Being involved in an accident is stressful – add to that the prospect of having to deal with your insurance company or with someone else’s insurance, and you might find yourself in a nerve-wracking situation. Fortunately, filing an insurance claim is not a complex process in most cases as long as you know what steps to take and what to expect along the way. The attorneys at 801-Injured share important insights about the process of filing an insurance claim after an accident.

What Information Do You Need For an Insurance Claim?

Let’s suppose you have been involved in an automotive accident caused by a distracted driver. Your first step should be to seek medical attention for any injuries. It is important to see a doctor even if you don’t think you have been hurt or if your injuries are minor or not visible (such as whiplash), as it is not uncommon for some injuries to remain asymptomatic for days, even weeks after the accident. If there were significant injuries and/or damages, you will need to call the police and obtain a police report.

Next, you should gather as much information about the scene of the accident as possible, including the other driver’s contact information and insurance information. Take pictures, make notes of any witnesses’ names and contact, and anything else that may count as evidence in your favor. Make sure to document as much as possible and exchange information.

What Happens When You File an Insurance Claim for an Accident?

Once you have gathered all the key pieces of information you need and initiated the process of filing a claim with your insurance – or with the at-fault driver’s insurance when applicable – you can expect to receive a few phone calls from insurance adjusters. When someone calls wanting to interview you and asking questions about the accident, it is important to keep in mind that because insurance companies are for-profit businesses, part of an insurance adjuster’s job is to investigate the scenario of each accident claim with the goal of finding reasons to reduce the amount of money paid out whenever possible. If you feel uncomfortable answering questions, a personal injury attorney can provide assistance and speak on your behalf.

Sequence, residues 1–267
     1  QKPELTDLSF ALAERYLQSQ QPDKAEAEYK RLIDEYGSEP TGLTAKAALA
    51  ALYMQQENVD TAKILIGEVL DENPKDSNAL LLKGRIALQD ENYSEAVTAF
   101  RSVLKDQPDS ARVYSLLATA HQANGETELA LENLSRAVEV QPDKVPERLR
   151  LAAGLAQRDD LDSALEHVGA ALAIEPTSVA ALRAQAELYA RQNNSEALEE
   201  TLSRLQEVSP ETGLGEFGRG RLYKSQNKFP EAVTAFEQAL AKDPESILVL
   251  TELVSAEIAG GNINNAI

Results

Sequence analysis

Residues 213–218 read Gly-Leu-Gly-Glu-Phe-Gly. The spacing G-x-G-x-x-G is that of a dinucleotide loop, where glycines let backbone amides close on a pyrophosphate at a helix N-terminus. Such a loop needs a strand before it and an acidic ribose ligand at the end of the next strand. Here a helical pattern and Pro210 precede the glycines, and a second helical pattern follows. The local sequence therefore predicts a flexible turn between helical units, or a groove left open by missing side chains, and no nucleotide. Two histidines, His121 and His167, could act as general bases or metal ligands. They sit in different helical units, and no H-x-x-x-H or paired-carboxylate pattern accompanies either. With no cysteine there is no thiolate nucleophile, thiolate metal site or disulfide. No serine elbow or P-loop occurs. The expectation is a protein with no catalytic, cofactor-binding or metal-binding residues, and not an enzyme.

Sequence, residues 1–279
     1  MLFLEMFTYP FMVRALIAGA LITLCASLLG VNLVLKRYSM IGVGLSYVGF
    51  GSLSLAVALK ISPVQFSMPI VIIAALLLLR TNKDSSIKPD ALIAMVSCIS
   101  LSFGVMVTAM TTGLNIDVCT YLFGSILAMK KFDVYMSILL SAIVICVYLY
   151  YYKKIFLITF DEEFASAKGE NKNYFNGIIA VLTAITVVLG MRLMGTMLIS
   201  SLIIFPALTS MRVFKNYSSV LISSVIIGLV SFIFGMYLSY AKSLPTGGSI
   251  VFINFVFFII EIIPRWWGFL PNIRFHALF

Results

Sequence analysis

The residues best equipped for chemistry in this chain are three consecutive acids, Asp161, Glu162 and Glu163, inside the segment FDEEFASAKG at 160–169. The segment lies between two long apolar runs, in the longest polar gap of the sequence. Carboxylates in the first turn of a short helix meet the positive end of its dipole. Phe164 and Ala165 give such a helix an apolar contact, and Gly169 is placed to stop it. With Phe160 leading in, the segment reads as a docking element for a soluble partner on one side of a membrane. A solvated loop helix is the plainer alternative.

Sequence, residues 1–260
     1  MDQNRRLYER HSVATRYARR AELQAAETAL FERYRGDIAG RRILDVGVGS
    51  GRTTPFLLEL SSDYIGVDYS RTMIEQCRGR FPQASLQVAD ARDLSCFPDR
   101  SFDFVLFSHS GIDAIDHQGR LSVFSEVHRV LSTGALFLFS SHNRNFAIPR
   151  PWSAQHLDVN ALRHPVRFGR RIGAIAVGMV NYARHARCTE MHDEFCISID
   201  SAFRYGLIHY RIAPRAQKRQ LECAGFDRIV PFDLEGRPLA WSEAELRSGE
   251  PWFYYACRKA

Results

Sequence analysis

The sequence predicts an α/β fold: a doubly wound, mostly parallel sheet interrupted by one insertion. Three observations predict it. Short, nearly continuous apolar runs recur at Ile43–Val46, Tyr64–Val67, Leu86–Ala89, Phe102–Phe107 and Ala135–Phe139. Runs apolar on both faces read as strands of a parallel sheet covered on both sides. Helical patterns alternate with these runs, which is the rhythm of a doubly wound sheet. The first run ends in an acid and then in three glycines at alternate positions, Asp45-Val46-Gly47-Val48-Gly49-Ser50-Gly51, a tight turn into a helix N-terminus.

The insurance adjuster will then bring back all the information gathered from your statements as well as from the scene of the accident and use it to make a recommendation to the insurance company regarding how much money may be issued to cover for all damages. Typically, you can expect to receive compensation for medical care, lost income, pain and suffering and loss of enjoyment of life (such as social or educational experiences that you may have missed out on due to your injuries).

How Soon Should I Report an Accident to My Insurance?

The deadline to report your accident and initiate a claim with your insurance varies from company to company, so it is important to check your specific policy. Some carriers give you up to three years, while others may require you to file a claim in less than 30 days from the date of the accident.

The safest rule to go by is to file your accident claim as soon as possible. This is a smart move for several reasons. First, you will not risk missing the deadline for filing a claim. Second, even if your insurance allows you to wait for two or three years before filing, it may not be in your best interest to do so, because it is extremely important to have solid evidence to document the exact circumstances of the accident. If you decide to wait, it may be harder if not impossible to get access to key elements such as damaged or totaled vehicles, witnesses, and other aspects needed to strengthen your claim and maximize your settlement amount.

What Should I Do If My Insurance Claim is Denied?

Sadly, it is not uncommon for some claims to be unfairly denied, especially when you are dealing with an at-fault party’s insurance carrier instead of your own carrier. A common reason that insurance companies use to justify a denied claim is alleging that your injuries were due to a pre-existing or unrelated condition and did not result from the accident. This can happen when the victim of an accident fails to seek medical attention right after the accident because they don’t believe they have been hurt or feel no pain, only to realize days or even weeks later that they are now having symptoms that require treatment.

Another reason why an insurance carrier may try to deny your claim or reduce the amount of your payment is due to lack of sufficient evidence, such as not enough documentation from a physician or the lack of a police report. These can be used as reasons to limit the insurance company’s liability. This is why it is so important to gather as much evidence as you can at the scene of the accident and to be evaluated by a medical professional without delay – if the insurance carrier is trying to deny your claim in bad faith, you will have enough evidence to support your claim.

If your claim has been denied, your first step is to contact the insurance company and find out the reasons for the denial. You may also want to contact a personal injury attorney who can help you negotiate with the insurance carrier and work with them to secure the compensation you deserve for your accident. If you are having trouble getting your claim accepted or have questions about the insurance claim process, the attorneys at 801-Injured are ready to help. Contact us for a free case review.